Minnesota is attracting more new residents and losing fewer people to other states, a new report from Minnesota Planning shows. From 1990 to 1995 the number of people moving into Minnesota exceeded the number leaving by about 83,900. In contrast, between 1980 and 1990 more people left the state than moved in.
"Our strong economy is attracting more people to Minnesota," said Governor Arne H. Carlson. "This is a big change from the 1980s."
The geographic pattern of migration is changing. One major change is that more people now move from California to Minnesota than in the opposite direction. Minnesota is gaining fewer new residents from neighboring states, but more from states outside the Midwest, including states in the Northeast and mid-Atlantic regions. Losses to Sun Belt states such as Arizona and Florida are smaller than in the past.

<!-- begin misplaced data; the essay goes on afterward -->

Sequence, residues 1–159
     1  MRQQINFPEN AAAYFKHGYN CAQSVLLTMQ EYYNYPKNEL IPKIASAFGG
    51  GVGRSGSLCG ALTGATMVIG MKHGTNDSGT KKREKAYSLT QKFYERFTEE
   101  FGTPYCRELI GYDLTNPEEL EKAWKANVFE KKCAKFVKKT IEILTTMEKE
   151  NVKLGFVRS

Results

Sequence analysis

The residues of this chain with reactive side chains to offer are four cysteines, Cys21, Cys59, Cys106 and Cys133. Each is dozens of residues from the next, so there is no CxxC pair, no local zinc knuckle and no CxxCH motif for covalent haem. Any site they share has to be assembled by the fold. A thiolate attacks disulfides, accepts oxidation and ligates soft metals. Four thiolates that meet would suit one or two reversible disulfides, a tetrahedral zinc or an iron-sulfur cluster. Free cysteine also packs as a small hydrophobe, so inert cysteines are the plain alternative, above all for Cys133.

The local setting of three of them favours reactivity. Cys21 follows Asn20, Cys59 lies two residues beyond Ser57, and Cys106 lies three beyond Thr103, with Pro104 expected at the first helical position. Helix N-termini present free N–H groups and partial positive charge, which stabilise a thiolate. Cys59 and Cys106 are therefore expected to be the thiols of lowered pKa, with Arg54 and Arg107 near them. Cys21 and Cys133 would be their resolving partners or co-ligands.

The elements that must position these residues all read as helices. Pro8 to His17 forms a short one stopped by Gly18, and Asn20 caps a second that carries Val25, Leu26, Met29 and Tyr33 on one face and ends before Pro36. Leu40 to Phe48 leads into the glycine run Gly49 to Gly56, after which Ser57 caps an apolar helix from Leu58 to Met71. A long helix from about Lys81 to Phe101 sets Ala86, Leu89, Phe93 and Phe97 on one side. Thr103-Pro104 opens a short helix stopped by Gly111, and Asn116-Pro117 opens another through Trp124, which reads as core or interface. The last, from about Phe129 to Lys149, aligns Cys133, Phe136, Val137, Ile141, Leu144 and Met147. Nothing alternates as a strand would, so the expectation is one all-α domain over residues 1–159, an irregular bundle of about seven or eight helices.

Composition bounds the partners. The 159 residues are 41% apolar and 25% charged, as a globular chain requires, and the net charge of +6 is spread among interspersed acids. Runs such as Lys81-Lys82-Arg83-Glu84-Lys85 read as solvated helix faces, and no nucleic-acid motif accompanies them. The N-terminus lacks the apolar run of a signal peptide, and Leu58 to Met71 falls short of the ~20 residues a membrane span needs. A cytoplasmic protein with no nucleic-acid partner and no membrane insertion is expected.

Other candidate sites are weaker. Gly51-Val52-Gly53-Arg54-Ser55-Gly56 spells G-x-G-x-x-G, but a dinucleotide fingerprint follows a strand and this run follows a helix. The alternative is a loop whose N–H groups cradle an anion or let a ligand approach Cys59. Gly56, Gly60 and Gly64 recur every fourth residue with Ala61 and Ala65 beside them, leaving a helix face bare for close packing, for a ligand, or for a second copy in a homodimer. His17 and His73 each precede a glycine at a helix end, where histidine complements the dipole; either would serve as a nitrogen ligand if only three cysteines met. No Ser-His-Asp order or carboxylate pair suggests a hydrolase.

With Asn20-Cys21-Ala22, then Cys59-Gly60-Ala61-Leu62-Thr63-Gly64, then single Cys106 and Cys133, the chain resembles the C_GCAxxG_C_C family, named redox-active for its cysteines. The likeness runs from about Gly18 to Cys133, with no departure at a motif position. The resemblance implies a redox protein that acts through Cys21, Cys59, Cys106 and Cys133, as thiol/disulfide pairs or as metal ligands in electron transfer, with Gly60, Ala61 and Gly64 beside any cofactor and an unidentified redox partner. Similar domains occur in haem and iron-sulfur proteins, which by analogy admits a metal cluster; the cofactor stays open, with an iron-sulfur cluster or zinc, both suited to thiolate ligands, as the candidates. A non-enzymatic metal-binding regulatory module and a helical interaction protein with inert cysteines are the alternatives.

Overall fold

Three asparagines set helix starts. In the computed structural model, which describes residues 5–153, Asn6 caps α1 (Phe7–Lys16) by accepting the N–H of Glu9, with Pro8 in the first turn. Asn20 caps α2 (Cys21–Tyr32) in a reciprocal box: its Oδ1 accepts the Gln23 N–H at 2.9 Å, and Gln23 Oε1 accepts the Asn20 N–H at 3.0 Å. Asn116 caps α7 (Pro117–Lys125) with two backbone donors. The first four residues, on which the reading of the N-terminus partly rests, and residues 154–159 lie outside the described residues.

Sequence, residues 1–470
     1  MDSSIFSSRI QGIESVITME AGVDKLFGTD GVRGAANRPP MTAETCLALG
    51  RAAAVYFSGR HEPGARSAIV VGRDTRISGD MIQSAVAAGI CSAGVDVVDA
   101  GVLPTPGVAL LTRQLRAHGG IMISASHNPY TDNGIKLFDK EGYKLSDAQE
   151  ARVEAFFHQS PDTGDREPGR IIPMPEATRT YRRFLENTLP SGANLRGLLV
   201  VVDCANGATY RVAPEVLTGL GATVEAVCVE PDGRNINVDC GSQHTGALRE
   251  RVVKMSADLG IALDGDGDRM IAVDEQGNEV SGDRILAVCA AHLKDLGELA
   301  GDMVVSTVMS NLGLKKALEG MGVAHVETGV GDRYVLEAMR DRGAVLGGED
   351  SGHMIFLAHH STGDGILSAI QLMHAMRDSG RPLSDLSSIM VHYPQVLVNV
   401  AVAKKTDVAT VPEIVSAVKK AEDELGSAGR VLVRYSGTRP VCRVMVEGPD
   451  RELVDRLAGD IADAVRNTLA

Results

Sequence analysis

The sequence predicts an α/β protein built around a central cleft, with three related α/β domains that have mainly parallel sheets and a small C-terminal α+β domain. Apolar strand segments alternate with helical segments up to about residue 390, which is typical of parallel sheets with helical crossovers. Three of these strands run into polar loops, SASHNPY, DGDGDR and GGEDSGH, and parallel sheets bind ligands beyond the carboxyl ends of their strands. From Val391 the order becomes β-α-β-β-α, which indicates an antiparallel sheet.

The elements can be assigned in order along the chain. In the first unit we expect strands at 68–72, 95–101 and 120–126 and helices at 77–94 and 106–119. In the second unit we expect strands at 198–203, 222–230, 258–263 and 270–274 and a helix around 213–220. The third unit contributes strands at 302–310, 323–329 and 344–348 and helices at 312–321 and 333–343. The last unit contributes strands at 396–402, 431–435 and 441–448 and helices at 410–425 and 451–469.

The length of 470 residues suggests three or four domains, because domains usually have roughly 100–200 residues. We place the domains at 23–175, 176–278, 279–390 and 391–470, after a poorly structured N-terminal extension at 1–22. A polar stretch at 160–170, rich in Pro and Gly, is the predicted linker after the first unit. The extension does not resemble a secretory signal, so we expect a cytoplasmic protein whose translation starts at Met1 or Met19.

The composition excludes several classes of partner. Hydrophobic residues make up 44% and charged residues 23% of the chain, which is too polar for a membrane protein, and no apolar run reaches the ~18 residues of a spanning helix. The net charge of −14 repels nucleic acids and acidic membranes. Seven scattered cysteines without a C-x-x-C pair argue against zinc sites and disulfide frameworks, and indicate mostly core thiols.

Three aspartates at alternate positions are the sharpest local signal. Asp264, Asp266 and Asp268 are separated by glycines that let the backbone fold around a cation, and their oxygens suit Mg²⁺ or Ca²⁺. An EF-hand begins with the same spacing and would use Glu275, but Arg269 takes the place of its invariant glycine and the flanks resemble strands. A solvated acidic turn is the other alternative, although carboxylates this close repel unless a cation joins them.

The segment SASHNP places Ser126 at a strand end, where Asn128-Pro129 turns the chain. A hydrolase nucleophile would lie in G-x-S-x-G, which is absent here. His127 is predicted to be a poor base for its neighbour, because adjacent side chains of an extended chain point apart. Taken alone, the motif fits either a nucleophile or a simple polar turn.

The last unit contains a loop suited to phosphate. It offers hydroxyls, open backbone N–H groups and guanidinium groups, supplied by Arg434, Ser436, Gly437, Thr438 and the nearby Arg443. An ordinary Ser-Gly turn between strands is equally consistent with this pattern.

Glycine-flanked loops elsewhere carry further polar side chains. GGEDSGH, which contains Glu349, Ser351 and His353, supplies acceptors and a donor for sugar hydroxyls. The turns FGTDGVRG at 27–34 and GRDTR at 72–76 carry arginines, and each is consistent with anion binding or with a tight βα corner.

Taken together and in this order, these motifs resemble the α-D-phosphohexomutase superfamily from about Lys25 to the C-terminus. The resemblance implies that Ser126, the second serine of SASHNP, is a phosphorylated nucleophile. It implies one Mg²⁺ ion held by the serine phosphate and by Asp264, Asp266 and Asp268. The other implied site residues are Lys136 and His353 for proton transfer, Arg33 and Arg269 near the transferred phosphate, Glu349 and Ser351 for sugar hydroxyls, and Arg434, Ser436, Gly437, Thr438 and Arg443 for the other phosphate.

With a few exceptions, migration patterns have been more positive in almost all areas of the state. Many rural counties that had net out-migration in the 1980s are now experiencing net in-migration. In other rural counties, rates of net out-migration have fallen dramatically.
"Migration is the major factor in the faster population growth we are seeing," said Ann Schluter, acting director of Minnesota Planning. "As births decline, growth will increasingly depend on the number of people who move in and out of the state."